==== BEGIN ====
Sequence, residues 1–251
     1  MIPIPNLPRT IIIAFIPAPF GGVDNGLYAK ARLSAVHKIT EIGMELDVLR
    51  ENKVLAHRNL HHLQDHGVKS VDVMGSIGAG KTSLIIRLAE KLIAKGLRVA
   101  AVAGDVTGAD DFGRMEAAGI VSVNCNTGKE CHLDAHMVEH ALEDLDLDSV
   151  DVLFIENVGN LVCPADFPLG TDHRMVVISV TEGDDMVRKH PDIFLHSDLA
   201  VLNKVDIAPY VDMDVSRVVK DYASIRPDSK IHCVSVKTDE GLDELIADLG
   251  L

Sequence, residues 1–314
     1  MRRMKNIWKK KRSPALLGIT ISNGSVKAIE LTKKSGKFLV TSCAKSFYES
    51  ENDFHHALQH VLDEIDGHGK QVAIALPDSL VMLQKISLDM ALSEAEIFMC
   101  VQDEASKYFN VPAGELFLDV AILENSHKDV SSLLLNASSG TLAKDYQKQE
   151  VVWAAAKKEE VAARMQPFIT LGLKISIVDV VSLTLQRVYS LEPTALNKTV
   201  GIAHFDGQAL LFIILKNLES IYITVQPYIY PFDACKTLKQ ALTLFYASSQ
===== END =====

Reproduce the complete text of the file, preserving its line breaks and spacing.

Sequence, residues 1–251
     1  MIPIPNLPRT IIIAFIPAPF GGVDNGLYAK ARLSAVHKIT EIGMELDVLR
    51  ENKVLAHRNL HHLQDHGVKS VDVMGSIGAG KTSLIIRLAE KLIAKGLRVA
   101  AVAGDVTGAD DFGRMEAAGI VSVNCNTGKE CHLDAHMVEH ALEDLDLDSV
   151  DVLFIENVGN LVCPADFPLG TDHRMVVISV TEGDDMVRKH PDIFLHSDLA
   201  VLNKVDIAPY VDMDVSRVVK DYASIRPDSK IHCVSVKTDE GLDELIADLG
   251  L

Sequence, residues 1–314
     1  MRRMKNIWKK KRSPALLGIT ISNGSVKAIE LTKKSGKFLV TSCAKSFYES
    51  ENDFHHALQH VLDEIDGHGK QVAIALPDSL VMLQKISLDM ALSEAEIFMC
   101  VQDEASKYFN VPAGELFLDV AILENSHKDV SSLLLNASSG TLAKDYQKQE
   151  VVWAAAKKEE VAARMQPFIT LGLKISIVDV VSLTLQRVYS LEPTALNKTV
   201  GIAHFDGQAL LFIILKNLES IYITVQPYIY PFDACKTLKQ ALTLFYASSQ